Twitter + Google Plus = 50% of my new business – wow!

Business networking Twitter success – Where did that come from?

One minute social media marketing is pie in the sky. The next it’s a business essential.

If you blinked you probably missed the transition. But social has grown up and there’s no looking back. The tipping point has been reached and billions of businesses have joined the bandwagon… because when you get it right, it works.

I’ve never been a marketer who leaps gaily aboard bandwagons. I prefer to bide my time, letting other people do the cutting edge discovery bit before I suck it and see, bringing a strong direct marketing slant into play. Eighteen months ago I was ambivalent about social’s business value. But I don’t mind admitting it: the minute I started generating new customers via Twitter, I changed my tune.

Generating 50% new business through Twitter

These days 50% of my new clients discover me through Twitter, the other 50% via natural search / word of mouth. I love Twitter because it’s so simple, easy to drive and joins the marketing dots so beautifully. And I’m falling in love with G+ for the same reasons.

Adding Google + to the list

While the Google + network took off relatively slowly, their ground-up involvement in search means they’re in the perfect position to use social signals effectively to help figure out which sites deserve a page one position. Because it’s an excellent vehicle for sharing quality content – the holy grail of online marketing – it also seems sensible to join G+ from an SEO perspective. So I’m slowly getting to grips with it, exploring whenever I have spare time.

Leaving Facebook and LinkedIn behind

I don’t have the time or energy to interact with more than two networks. I only maintain a presence on LinkedIn because everyone else is on there – the interface is such a pain in the bum. And I detest Facebook as a marketing medium, reserving it exclusively for friends and family.

NO marketing… but plenty of networking

Using  Twitter for a year and dabbling in Google Plus over the past three months, I’ve profoundly changed the way I generate business. But oddly enough I don’t think my social media success has anything to do with marketing. I do networking.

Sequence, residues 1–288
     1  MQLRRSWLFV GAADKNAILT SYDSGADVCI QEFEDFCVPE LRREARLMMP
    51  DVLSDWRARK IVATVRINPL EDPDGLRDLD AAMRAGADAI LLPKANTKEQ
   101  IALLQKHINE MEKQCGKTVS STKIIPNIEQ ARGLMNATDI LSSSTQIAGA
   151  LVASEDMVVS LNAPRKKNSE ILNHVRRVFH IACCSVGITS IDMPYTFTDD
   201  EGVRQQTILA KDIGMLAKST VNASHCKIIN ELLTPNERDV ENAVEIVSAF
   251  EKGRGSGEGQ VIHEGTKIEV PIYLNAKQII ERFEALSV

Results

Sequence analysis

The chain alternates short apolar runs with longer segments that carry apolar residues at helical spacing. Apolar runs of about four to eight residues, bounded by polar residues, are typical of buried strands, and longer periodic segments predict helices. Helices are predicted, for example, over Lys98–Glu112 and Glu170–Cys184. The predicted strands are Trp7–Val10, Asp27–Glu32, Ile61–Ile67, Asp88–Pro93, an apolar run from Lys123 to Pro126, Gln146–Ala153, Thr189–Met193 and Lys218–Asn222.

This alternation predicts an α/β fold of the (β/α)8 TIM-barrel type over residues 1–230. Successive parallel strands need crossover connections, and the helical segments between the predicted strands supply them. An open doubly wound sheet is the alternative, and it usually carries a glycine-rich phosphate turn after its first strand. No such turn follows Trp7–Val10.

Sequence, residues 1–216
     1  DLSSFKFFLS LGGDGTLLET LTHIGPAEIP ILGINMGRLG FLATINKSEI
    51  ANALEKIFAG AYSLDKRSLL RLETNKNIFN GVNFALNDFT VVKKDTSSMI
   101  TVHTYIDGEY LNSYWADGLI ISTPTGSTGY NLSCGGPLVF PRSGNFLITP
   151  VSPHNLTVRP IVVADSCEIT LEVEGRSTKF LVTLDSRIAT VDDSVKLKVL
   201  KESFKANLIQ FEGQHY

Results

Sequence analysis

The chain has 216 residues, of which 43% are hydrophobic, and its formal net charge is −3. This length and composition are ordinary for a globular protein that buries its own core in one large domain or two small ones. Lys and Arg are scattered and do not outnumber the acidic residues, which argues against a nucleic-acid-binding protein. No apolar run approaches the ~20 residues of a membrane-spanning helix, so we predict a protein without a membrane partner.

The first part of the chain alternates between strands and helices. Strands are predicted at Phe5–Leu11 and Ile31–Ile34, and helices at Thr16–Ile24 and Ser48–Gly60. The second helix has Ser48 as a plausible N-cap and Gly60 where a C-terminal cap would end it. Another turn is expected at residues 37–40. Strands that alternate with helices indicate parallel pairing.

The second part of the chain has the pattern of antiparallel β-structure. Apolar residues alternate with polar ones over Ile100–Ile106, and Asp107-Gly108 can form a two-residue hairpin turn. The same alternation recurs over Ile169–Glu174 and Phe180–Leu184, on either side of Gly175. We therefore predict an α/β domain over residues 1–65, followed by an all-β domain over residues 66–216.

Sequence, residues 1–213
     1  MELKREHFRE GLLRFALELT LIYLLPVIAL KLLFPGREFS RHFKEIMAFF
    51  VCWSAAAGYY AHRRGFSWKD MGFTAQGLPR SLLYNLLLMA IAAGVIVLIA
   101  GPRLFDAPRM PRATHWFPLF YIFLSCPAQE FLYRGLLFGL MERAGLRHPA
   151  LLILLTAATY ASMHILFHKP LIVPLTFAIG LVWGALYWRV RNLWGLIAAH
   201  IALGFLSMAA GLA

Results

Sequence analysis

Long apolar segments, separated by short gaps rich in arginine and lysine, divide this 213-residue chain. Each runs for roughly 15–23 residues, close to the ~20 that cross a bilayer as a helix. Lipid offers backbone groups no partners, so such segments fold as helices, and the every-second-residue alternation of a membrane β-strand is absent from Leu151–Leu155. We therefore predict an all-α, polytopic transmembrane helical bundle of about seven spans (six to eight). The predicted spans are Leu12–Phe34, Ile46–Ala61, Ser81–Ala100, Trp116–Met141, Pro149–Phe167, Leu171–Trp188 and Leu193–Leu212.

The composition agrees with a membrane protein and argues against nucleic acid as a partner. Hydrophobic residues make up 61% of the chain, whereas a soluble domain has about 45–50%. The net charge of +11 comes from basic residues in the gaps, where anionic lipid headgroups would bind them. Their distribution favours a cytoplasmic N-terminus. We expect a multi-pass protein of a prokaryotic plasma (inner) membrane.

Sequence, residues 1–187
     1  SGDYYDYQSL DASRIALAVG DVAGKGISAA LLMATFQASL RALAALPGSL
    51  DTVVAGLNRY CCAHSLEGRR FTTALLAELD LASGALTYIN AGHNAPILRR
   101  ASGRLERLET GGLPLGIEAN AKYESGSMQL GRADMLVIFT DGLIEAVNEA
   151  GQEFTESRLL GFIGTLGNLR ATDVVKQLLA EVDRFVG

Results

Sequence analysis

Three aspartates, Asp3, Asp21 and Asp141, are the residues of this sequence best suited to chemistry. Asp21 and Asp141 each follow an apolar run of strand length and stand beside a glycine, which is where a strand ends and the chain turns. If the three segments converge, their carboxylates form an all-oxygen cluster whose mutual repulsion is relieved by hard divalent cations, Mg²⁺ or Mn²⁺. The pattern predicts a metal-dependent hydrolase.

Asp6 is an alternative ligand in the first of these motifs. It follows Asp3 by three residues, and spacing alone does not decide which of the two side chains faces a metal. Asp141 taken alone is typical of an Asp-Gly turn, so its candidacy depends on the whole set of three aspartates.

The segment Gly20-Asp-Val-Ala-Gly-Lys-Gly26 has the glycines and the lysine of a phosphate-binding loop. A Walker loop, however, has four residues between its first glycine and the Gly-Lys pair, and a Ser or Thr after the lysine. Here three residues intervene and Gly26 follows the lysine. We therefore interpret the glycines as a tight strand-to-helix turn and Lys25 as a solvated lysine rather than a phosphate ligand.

Making the most of Twitter and building up G+

Here’s what I’ve done to leverage Twitter and G+ for business:

  • I post to Twitter six or more times a day, sometimes at regular intervals but usually in clumps between copywriting projects. 
  • I link to my posts from Twitter and G+, usually about twice a week, but I mostly stick to text-based Tweets without links. I rarely use hashtags and don’t usually join in with FollowFriday etc because I’m too busy.
  • I always reply to people’s Twitter questions and comments and I favourite / retweet Tweets I genuinely like. I get involved with conversations on Twitter when they’re fun, funny, inspiring, local or relevant to my work. And I have a giggle as often as I can.
  • On Twitter I follow 270-ish people. Any more and I can’t engage with them properly because there’s too much going on. I’ve generated just over 500 Twitter followers so far, all perfectly naturally, no real effort required. It just happened.
  • I upload interesting images now and again – absolutely nothing to do with my copywriting work, just for fun. And while I drop my top key terms into Twitter and G+ occasionally, I don’t do it so often it looks contrived.

I’m a bit crap at engaging on Google + but I’m getting there, squeezing it into my routine and doing the same stuff I do on Twitter while slowly (very!) beefing up my Circles.

Working both ways

When I needed a hairdresser, I found a salon that sounded nice and friendly on Twitter. When I needed a ring altered I found a jeweller via Twitter. Liked the cut of their jib. Visited their website. Booked online. Job done.

Diving in

In my experience social media ‘marketing’ is quick and easy. Attracting business through Twitter and G+ is simpler than I expected it to be. And it’s uncannily powerful stuff – I don’t mind admitting I’m both surprised and impressed.
If you haven’t tried it yet, come on in… the water’s lovely.